Lincoln, Massachusetts, United States
|Photo by Larry Ayalo on Unsplash|
As a retired psychiatrist, I have been thinking about the mystique that surrounds our profession.
Psychiatrists seem to trigger three provocative associations that set them apart from other physicians. The first, sometimes interpreted as a wish, is that psychiatrists read minds and therefore know what is concealed or hidden inside someone’s head. The second is the sense of vulnerability that comes with facing such an invasion of privacy. Unlike other medical specialties, psychiatry is not about a particular part of the body but rather about the person. The third association is the authority to give labels that often become impossible to shed and can become a personal encumbrance. In customary language, you have diabetes, hypertension, or cancer but you are schizophrenic, depressed, or paranoid.
People may feel both impressed and apprehensive as they approach a psychiatrist, in either a social or clinical setting. One can feel eager to be really seen, but at the same time skittish about really being seen. In other words, to draw near but also hold back. This is sometimes called the approach-avoidance phenomenon. At such moments, self-awareness is heightened. It’s natural to want to reconcile those opposing urges. Life, after all, is about moving ahead and getting things done, not sitting on a fence and obsessing. But being of two minds is not a failure or even a decision. It is fine to keep a distance while also staying in touch. It is fine to hold onto those dual urges and continue to be of two minds. The risk of falling into obsessive thinking with its self-absorption and self-doubt actually disappears. The urge to approach and the urge to avoid comfortably and honorably co-exist.
A potential or prospective patient (including a psychiatrist-in-training) has intuitively applied a “mystique” into his or her awareness. When I put myself in their shoes, my gut and intuition speak first in the language of feeling. Words and thoughts follow feeling. And that initial feeling is tension.
In the era before Homo sapiens, an occasional genetic mutation causing ambivalence or hesitation would surely have meant early death. For modern man, the mind has expanded beyond self-preservation. Ambivalence can be an asset, an expansion of mental reach. It allows us to think about ourselves, inviting progress rather than merely coping. This is part of our evolution. But some of those instincts towards self-preservation still remain in our DNA, perhaps in a modified form. The impulse to keep a distance while staying in touch can still be observed in animals today that begin their hunt by avoiding getting too close too soon, while not breaking visual or olfactory contact.
Is there a genetic connection between today’s predators who instinctively don’t move when their prey look their way, and today’s humans who instinctively block out a traumatic experience, what we call “denial”? Both behaviors have self-preservation as their common denominator, the former, a living “self” needing food, the latter, a functioning Self. Given this, might a layman approaching a psychiatrist cast the doctor in the veil of mystique, not as an insight into the doctor’s abilities, but rather as a DNA residue of a primitive pre-sapian reflex to stay in touch while also keeping a distance?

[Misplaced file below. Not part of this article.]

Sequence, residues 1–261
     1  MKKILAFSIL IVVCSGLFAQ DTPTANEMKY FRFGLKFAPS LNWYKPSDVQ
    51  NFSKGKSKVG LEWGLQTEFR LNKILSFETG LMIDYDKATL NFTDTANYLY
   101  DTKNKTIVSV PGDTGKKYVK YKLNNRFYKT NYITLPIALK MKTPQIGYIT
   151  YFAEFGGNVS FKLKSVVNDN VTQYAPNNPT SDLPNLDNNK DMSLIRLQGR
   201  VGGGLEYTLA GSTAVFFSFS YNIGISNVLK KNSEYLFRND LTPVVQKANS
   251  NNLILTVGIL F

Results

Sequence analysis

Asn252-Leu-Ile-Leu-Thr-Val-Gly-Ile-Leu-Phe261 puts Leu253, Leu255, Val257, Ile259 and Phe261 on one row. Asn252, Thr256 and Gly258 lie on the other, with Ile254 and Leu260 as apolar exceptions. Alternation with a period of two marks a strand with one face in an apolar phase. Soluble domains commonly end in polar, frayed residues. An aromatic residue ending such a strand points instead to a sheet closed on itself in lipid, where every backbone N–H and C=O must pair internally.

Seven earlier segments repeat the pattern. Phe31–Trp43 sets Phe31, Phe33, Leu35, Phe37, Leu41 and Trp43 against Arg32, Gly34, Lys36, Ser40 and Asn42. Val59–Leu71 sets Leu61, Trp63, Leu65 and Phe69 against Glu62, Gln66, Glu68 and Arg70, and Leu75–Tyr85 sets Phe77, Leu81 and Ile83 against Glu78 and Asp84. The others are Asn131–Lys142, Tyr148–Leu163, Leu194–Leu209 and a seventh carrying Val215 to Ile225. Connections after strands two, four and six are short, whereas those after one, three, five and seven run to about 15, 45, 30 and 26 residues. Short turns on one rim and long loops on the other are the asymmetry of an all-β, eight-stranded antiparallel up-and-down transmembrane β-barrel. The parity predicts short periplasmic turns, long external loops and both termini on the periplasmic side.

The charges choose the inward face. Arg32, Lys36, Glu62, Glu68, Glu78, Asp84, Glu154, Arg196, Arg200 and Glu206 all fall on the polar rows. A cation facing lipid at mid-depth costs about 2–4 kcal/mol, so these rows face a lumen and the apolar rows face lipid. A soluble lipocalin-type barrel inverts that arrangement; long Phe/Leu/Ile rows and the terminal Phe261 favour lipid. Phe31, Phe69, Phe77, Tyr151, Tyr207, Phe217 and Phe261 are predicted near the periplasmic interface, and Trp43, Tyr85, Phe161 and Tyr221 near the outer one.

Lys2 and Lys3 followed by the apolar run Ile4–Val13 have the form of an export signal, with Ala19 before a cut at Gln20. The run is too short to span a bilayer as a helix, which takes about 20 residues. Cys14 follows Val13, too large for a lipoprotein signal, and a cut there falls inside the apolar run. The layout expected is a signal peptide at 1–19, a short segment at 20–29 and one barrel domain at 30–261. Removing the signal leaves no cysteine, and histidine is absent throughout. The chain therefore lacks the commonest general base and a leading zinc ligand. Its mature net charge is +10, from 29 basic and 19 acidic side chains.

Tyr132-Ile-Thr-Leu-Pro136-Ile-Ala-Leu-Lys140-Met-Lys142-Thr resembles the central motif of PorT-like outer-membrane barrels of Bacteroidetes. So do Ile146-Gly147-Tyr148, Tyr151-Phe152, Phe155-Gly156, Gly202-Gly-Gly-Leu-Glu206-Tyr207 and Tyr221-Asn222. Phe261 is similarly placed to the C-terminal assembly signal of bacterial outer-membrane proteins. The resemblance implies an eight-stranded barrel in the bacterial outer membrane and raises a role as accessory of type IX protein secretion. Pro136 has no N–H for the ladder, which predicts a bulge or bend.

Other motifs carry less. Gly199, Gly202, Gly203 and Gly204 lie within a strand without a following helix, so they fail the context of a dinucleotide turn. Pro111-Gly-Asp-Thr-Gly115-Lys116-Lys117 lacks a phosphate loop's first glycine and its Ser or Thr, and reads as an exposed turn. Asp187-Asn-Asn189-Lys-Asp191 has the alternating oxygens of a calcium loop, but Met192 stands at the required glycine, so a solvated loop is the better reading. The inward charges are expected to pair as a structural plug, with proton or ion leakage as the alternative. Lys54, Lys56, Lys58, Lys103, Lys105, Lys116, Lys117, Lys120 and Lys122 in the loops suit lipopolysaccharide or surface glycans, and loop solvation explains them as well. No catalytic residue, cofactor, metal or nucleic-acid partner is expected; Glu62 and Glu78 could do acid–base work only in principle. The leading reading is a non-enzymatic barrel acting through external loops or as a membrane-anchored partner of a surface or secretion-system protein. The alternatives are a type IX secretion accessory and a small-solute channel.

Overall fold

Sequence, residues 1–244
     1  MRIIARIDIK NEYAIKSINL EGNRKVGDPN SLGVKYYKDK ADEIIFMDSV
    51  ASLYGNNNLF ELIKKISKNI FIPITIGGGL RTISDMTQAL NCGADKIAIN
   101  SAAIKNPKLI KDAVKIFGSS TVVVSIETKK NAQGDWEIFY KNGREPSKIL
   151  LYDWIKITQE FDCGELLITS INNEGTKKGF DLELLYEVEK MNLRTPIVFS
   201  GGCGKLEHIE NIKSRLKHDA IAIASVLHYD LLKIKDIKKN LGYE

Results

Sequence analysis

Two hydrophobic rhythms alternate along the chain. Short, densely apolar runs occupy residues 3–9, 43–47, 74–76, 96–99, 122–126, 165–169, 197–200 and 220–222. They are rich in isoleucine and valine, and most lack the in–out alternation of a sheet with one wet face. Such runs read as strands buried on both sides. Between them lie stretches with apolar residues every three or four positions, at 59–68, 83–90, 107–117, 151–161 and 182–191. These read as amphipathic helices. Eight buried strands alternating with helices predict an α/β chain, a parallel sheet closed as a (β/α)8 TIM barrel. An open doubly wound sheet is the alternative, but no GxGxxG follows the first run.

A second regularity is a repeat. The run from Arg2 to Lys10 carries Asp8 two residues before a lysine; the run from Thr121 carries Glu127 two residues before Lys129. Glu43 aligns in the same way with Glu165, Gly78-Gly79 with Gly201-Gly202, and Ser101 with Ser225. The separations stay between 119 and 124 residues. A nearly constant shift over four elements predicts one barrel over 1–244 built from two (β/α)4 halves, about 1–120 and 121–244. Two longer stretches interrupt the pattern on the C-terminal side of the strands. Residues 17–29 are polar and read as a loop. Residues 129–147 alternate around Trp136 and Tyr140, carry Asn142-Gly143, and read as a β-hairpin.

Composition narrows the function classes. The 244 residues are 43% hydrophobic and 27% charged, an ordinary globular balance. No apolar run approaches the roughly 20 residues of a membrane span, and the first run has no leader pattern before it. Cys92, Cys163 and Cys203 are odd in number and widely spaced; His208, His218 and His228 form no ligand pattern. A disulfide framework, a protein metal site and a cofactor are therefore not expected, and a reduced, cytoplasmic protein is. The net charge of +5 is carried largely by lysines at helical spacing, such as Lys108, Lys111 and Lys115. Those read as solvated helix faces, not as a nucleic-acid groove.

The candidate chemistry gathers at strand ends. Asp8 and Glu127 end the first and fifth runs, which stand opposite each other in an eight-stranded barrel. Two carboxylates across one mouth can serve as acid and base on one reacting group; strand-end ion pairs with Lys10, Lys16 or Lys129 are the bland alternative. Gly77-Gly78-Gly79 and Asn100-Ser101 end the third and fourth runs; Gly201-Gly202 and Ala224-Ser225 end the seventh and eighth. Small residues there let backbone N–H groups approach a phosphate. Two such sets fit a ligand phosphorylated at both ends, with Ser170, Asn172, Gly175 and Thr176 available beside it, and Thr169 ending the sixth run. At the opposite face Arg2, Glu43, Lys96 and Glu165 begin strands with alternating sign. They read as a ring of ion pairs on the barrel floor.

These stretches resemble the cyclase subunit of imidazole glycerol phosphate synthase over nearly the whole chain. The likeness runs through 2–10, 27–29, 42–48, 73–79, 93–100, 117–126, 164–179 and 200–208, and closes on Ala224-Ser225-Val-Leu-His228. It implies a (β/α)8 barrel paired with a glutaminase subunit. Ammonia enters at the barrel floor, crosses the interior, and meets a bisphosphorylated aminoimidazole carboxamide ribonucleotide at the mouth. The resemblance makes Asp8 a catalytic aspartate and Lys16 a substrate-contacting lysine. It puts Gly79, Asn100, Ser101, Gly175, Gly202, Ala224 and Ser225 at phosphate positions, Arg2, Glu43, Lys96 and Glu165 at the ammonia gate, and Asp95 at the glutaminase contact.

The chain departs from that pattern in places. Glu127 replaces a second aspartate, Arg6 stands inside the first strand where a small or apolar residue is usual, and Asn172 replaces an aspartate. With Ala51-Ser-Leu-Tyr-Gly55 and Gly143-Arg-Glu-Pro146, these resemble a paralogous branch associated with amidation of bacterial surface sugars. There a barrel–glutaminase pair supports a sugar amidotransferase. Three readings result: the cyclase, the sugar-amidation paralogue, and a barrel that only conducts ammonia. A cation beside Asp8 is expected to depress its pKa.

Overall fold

The word “shrink” is simultaneously a serious title and a witty pun. Its roots began in tribal rituals in parts of South America where traditional healers would shrink heads of important deceased people and then use them for ceremonial, religious, and medical purposes. Shrink, then, a stand-in for “head shrinker,” carries awe, respect, honor, and healing. At the same time, at least in today’s popular usage, it carries an association of witty triviality. The relevant thing, though, is that it becomes just another version of keeping in touch while maintaining a distance, a variation of our being of two minds.
Psychotherapy is about a patient essentially looking into a cloudy mirror. The presence of patients’ eagerness and apprehension confirms that they are of two minds. They have projected onto the psychiatrist the aura of mystique, but it was not as a cognitive decision. It was, as I’ve come to see it, simply a gut reaction to a message they carry. A patient is clearly both hunter and prey and has a special need for the psychiatrist-therapist to wear a cape of mystique. The need is to enhance trust that self-preservation will be assured.
The psychiatrist, in other words, never possessed the mystique to begin with. It was bestowed by the patient who, instinctively not cognitively, did what felt necessary under the radar of cognition. The so-called “mystique” of the psychiatrist actually belongs to the patient, whose mind does not know this, but whose gut does.
LAWRENCE H. CLIMO, M.D., is a Vietnam Vet, board-certified psychiatrist, and writer. He has practiced psychotherapy and psychopharmacology in inpatient and outpatient settings and been a teacher, administrator and forensic consultant. His articles have appeared in professional, academic, and popular journals and magazines, and he is the author of three books, The Patient Was Vietcong: An American Doctor in the Vietnamese Health Service, 1966-1967; Psychiatrist on the Road: Encounters in Healing and Healthcare; and Caregiving: Lives Derailed (under the pseudonym Eli Cannon). He is retired and occasionally writes occasional Op-Eds for Psychiatric Times.